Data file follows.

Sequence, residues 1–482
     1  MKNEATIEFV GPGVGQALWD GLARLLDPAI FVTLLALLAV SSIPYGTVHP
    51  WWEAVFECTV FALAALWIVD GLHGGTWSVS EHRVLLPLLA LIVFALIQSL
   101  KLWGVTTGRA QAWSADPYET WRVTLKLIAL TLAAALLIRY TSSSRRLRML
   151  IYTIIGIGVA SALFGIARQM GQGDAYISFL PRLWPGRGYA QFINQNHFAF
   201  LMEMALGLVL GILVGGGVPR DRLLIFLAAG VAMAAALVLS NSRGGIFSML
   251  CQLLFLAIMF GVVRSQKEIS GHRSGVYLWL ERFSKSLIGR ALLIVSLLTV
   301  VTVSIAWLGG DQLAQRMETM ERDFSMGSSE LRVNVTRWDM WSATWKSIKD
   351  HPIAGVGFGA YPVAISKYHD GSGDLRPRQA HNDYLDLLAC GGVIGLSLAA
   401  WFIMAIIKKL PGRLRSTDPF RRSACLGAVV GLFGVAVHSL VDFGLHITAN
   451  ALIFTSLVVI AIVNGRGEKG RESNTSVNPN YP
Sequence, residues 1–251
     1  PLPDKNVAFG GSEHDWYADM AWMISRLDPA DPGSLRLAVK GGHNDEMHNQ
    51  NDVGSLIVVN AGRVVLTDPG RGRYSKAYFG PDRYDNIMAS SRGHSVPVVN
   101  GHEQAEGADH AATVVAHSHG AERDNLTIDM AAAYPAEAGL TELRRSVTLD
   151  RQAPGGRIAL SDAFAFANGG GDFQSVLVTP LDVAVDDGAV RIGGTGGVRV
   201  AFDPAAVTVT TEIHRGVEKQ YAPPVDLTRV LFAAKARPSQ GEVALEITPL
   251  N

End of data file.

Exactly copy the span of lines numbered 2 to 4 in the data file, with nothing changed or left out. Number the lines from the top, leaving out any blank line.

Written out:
     1  MKNEATIEFV GPGVGQALWD GLARLLDPAI FVTLLALLAV SSIPYGTVHP
    51  WWEAVFECTV FALAALWIVD GLHGGTWSVS EHRVLLPLLA LIVFALIQSL
   101  KLWGVTTGRA QAWSADPYET WRVTLKLIAL TLAAALLIRY TSSSRRLRML